More than two dozen former U.S. intelligence officers urge President Trump to rescind Gina Haspel’s nomination to lead the CIA, citing torture that she oversaw while supervising a black site prison, as well as her role in destroying evidence.
Although most Americans are unfamiliar with the term ‘Deep State,’ according to recent polling they are nevertheless skeptical of unelected government and military officials who secretly manipulate or direct national policy, John V. Walsh reports.
Protecting those who commit heinous crimes in the name of the U.S. government provides a dangerous precedent and could lead to the conclusion by many in the military and CIA that they can “get away with murder,” Ann Wright observes.
Brushing aside warnings that he was about to unleash Armageddon in the Middle East, George W. Bush launched an unprovoked attack on Iraq on March 19-20, 2003, the ramifications of which we are still grappling with today, Nat Parry writes.
The declining human rights standards on display with the Haspel and Pompeo nominations are the latest in a long line of policy failures that include the Obama administration’s lack of prosecutions of Bush-era torture, Nat Parry notes.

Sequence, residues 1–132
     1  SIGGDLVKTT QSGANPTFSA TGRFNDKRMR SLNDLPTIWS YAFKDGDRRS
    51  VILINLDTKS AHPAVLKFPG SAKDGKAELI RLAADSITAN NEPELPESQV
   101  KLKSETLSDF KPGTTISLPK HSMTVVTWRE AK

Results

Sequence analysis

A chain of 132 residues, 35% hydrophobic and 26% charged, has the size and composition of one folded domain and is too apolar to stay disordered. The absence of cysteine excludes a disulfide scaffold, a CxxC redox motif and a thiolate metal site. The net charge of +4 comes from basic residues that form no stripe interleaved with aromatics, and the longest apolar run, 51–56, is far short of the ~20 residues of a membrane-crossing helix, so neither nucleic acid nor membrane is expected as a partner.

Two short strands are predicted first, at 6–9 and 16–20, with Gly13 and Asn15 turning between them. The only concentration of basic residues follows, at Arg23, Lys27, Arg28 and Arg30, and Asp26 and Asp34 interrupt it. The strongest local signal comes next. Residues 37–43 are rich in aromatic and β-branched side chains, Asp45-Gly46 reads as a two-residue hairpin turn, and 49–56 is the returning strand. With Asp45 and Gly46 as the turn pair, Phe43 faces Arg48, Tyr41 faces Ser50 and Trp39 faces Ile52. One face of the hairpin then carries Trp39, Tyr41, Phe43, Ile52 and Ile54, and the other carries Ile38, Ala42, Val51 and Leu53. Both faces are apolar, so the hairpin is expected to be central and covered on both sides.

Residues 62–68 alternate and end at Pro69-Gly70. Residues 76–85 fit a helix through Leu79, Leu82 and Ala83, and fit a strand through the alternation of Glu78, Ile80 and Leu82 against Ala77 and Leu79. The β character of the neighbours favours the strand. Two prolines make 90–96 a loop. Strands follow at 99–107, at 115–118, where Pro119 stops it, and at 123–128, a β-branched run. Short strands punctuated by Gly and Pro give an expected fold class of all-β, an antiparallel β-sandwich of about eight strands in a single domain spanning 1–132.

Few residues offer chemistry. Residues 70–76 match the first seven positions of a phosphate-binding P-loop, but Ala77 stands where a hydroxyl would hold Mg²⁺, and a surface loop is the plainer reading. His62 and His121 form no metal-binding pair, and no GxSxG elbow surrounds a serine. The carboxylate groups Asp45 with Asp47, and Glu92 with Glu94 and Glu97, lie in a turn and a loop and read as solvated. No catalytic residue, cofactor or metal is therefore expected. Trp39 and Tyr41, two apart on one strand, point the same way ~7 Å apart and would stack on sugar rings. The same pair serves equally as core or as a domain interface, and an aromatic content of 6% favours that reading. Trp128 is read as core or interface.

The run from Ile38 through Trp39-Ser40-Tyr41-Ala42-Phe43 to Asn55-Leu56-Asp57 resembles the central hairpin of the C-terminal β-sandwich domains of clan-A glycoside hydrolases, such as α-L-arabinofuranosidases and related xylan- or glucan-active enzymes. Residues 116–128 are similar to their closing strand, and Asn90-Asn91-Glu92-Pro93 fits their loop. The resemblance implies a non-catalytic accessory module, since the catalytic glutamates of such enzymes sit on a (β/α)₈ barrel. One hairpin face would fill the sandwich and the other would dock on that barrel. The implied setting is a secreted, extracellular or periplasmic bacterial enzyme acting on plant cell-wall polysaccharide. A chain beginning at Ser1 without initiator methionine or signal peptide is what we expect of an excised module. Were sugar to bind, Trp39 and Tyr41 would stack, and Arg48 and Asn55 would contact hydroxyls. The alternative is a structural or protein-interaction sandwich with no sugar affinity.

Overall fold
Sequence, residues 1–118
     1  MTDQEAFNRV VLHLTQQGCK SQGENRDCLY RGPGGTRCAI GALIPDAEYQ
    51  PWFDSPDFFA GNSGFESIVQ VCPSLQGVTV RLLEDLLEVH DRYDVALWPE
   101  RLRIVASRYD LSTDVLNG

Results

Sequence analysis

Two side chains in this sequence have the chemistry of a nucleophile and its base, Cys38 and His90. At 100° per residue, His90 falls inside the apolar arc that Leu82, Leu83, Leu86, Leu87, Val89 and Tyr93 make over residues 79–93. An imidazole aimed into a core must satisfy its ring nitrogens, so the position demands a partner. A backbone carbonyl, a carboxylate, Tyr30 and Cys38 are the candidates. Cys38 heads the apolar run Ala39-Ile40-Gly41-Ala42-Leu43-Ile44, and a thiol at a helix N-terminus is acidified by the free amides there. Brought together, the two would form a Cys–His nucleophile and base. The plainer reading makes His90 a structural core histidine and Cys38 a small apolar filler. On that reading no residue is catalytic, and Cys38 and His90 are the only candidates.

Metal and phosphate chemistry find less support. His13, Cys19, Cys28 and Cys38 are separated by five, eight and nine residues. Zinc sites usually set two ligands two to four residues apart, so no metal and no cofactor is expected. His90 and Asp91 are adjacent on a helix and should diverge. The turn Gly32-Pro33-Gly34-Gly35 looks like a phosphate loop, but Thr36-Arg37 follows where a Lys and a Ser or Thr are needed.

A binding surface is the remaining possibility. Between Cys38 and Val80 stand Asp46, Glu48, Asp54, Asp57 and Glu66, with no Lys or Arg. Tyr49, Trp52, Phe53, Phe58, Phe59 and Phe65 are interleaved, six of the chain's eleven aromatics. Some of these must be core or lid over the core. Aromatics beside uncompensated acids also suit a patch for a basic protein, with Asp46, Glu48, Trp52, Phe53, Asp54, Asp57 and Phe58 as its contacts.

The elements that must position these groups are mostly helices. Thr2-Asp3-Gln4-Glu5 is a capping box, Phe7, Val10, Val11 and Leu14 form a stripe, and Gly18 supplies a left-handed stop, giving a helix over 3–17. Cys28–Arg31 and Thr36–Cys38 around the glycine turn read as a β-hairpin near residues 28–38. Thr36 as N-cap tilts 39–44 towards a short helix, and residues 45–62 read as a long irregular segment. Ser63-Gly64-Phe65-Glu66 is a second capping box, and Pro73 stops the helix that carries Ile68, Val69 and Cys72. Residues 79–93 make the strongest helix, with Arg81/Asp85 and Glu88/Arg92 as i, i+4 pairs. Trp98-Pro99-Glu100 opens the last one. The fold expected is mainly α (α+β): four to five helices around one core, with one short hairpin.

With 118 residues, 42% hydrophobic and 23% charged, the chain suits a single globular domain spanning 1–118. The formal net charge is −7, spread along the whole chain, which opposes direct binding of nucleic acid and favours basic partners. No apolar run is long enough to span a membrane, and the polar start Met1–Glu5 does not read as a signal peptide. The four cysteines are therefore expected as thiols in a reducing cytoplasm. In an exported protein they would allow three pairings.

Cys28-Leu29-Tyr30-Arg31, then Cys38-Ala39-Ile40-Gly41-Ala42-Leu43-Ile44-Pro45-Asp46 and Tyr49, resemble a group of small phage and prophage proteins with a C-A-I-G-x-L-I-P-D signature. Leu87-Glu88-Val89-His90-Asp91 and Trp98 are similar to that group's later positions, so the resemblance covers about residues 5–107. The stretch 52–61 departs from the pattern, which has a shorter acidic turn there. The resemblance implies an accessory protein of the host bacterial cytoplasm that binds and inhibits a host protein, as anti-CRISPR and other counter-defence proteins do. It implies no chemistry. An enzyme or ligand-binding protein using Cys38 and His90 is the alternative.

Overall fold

The assumption underpinning Russiagate – that Vladimir Putin preferred Donald Trump over Hillary Clinton – is not supported by the facts, according to “Initial Findings” of the House Intelligence Committee, as Ray McGovern reports.
Applying the principle of cui bono – who benefits? – to the case of Sergei Skripal might lead investigators away from the Kremlin as the prime suspect and towards Western intelligence agencies, argues James O’Neill.
A lack of skepticism has characterized much of the reporting on Russiagate, with undue credibility being given to questionable sources like the Steele dossier, and now progressives like Jane Mayer and Cenk Uygur are joining the bandwagon, Ray McGovern observes.…